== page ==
Greg Jefferis

MRC Laboratory of Molecular Biology, Cambridge

Sex Circuits and Brain Maps

Monday 30 June 2014

Location: Large Lecture Theatre, Department of Physiology, Anatomy & Genetics, Sherrington Building

Abstract: Differences in behaviour between male and female animals provide a powerful model to understand the genetic and neural circuit basis of behaviour. Sex pheromones that trigger different behaviours in male and female animals have been identified in animals from worms to elephants.

In a few well-studied cases including mice and flies, the pheromone is known to bind and activate a specific odorant receptor in both sexes. If the pheromone activates sensory neurons in both sexes, why should the animals behave differently? It is likely that there are differences in neural circuits deeper in the brain.


I will present work from my group that describes, for the first time in any animal, a bidirectional neural circuit switch; this reroutes pheromone information to one set of target neurons in female brains and a different group in males. In addition to establishing the circuit basis of this switch, we have also uncovered some of the developmental genetic logic that determines its male or female state.


The functional studies that I have just mentioned began from fine scale mapping of olfactory circuits in the fly brain. I will also present briefly new genetic technology that we have developed for rapid labelling of neurons, along with computational tools to map neurons in the brain, measure the similarity between different neurons and to use this information to search and organise a database of more than 15,000 neurons. These approaches developed in the fly, may be portable to other systems including fish or mice.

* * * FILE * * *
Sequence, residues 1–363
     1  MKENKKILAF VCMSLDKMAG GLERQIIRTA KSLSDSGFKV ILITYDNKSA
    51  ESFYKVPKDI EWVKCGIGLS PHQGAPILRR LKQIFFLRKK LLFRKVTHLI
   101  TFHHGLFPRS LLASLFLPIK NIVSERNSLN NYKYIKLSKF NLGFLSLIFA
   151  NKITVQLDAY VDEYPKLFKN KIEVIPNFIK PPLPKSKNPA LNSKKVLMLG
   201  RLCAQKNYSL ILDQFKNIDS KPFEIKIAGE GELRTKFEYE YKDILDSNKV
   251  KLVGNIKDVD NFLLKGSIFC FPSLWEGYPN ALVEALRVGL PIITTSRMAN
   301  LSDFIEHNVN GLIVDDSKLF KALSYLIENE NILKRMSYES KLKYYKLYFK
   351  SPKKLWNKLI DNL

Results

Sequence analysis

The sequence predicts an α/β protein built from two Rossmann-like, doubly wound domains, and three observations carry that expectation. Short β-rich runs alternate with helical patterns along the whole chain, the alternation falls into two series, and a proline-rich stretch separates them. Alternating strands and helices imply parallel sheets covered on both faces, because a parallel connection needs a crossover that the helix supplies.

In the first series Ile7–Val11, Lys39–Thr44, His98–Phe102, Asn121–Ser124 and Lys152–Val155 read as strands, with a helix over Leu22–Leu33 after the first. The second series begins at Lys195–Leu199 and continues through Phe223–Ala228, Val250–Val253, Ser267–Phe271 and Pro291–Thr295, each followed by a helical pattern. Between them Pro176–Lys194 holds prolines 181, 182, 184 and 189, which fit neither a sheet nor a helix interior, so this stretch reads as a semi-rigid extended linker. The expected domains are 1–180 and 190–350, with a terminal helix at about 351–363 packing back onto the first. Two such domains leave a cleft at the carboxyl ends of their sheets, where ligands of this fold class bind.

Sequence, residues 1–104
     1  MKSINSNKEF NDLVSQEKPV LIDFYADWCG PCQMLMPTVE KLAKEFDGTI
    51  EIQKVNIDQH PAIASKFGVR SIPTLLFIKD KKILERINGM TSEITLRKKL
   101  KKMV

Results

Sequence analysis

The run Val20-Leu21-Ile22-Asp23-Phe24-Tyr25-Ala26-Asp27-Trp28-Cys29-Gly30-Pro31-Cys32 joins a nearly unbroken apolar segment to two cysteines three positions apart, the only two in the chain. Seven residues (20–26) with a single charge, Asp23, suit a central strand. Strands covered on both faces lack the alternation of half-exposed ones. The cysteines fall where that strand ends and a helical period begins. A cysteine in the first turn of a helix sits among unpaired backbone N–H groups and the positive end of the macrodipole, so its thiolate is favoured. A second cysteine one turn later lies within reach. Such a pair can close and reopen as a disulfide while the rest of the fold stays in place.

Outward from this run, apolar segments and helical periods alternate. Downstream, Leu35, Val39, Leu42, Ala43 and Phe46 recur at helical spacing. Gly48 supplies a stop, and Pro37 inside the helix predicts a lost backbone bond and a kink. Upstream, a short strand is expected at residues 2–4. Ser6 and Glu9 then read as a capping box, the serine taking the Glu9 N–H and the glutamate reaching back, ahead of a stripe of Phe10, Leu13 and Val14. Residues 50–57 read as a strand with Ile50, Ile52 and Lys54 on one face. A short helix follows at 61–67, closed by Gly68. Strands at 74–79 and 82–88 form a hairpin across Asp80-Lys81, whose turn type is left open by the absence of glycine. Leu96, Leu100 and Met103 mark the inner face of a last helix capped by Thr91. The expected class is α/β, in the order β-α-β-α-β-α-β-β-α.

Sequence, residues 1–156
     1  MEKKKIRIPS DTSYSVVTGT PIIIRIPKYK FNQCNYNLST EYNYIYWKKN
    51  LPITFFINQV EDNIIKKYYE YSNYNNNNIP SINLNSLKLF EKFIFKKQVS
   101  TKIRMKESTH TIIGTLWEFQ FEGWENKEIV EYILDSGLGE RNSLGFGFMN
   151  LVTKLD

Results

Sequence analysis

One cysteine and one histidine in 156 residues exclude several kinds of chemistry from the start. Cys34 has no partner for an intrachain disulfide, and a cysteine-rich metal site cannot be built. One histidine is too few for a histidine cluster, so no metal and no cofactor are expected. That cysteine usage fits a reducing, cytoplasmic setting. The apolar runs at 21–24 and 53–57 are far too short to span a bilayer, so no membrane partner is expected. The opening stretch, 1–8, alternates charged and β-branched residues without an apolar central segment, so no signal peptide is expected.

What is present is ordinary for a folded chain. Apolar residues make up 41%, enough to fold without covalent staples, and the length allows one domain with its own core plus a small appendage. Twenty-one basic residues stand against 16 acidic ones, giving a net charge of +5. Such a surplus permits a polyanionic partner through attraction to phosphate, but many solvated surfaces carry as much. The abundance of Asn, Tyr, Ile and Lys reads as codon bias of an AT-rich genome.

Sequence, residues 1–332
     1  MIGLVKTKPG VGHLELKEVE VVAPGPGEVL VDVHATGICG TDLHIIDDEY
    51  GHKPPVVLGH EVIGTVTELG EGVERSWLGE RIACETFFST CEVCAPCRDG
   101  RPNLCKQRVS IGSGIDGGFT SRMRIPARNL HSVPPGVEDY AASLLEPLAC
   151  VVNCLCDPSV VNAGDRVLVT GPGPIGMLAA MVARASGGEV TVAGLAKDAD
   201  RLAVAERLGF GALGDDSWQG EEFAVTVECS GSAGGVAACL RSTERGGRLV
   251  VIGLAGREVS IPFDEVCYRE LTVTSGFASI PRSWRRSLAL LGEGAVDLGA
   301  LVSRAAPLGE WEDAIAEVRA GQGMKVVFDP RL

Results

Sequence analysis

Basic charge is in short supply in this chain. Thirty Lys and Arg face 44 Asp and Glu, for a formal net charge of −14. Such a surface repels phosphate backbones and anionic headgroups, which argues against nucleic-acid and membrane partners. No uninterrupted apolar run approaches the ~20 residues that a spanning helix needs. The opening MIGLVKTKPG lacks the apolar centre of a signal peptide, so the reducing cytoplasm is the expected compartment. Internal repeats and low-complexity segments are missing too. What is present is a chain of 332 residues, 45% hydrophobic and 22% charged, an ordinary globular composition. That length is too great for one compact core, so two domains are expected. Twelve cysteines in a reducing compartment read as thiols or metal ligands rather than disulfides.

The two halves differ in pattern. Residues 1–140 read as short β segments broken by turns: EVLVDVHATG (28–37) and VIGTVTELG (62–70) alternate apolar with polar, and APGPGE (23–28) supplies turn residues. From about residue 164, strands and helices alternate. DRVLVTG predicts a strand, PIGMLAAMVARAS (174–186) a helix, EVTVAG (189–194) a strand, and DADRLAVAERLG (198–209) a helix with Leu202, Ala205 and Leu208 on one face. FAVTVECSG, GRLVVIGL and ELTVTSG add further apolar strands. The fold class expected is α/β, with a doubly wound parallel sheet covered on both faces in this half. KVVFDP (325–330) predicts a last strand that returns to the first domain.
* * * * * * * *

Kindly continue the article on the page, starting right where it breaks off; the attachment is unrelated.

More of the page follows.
Biography: Greg Jefferis received his undergraduate degree in Natural Sciences at Cambridge, followed by a PhD in Neurosciences at Stanford. His thesis work with Liqun Luo on the developmental logic of wiring specificity in the Drosophila olfactory system was awarded several prizes including a Harold Weintraub Graduate Student Award and the Elkins Memorial Lecture.

In 2004 he returned to Cambridge as a Wellcome Trust Advanced Training Fellow in the Department of Zoology and Research Fellow of St John’s College. During this fellowship period, he developed and applied new circuit mapping techniques and acquired skills in Drosophila electrophysiology. In 2008 he became a group leader in the Neurobiology Division of the MRC Laboratory of Molecular Biology. His work is supported by the MRC and an ERC Staring Investigator Grant; since 2012 he is an EMBO Young Investigator. His group studies the circuit basis of olfactory processing and behaviour, combining approaches including molecular genetics, imaging, computational neuroanatomy, in vivo electrophysiology and behavioural analysis.